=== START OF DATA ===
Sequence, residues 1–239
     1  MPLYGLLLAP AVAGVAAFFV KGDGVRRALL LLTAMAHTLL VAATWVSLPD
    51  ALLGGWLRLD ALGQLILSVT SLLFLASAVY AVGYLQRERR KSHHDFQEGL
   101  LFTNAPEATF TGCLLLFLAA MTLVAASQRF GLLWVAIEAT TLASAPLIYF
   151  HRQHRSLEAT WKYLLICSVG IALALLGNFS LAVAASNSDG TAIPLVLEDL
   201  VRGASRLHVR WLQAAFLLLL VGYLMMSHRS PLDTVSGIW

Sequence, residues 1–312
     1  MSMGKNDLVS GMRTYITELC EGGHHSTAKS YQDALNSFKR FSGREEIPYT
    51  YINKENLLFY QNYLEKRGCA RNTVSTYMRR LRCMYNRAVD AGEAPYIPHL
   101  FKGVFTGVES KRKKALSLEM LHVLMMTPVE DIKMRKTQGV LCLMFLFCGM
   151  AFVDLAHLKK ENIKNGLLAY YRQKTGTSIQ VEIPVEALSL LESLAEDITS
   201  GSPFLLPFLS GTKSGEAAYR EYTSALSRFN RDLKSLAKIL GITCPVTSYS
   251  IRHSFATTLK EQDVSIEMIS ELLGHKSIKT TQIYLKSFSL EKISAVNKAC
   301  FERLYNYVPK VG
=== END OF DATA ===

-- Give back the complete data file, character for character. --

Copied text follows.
Sequence, residues 1–239
     1  MPLYGLLLAP AVAGVAAFFV KGDGVRRALL LLTAMAHTLL VAATWVSLPD
    51  ALLGGWLRLD ALGQLILSVT SLLFLASAVY AVGYLQRERR KSHHDFQEGL
   101  LFTNAPEATF TGCLLLFLAA MTLVAASQRF GLLWVAIEAT TLASAPLIYF
   151  HRQHRSLEAT WKYLLICSVG IALALLGNFS LAVAASNSDG TAIPLVLEDL
   201  VRGASRLHVR WLQAAFLLLL VGYLMMSHRS PLDTVSGIW

Sequence, residues 1–312
     1  MSMGKNDLVS GMRTYITELC EGGHHSTAKS YQDALNSFKR FSGREEIPYT
    51  YINKENLLFY QNYLEKRGCA RNTVSTYMRR LRCMYNRAVD AGEAPYIPHL
   101  FKGVFTGVES KRKKALSLEM LHVLMMTPVE DIKMRKTQGV LCLMFLFCGM
   151  AFVDLAHLKK ENIKNGLLAY YRQKTGTSIQ VEIPVEALSL LESLAEDITS
   201  GSPFLLPFLS GTKSGEAAYR EYTSALSRFN RDLKSLAKIL GITCPVTSYS
   251  IRHSFATTLK EQDVSIEMIS ELLGHKSIKT TQIYLKSFSL EKISAVNKAC
   301  FERLYNYVPK VG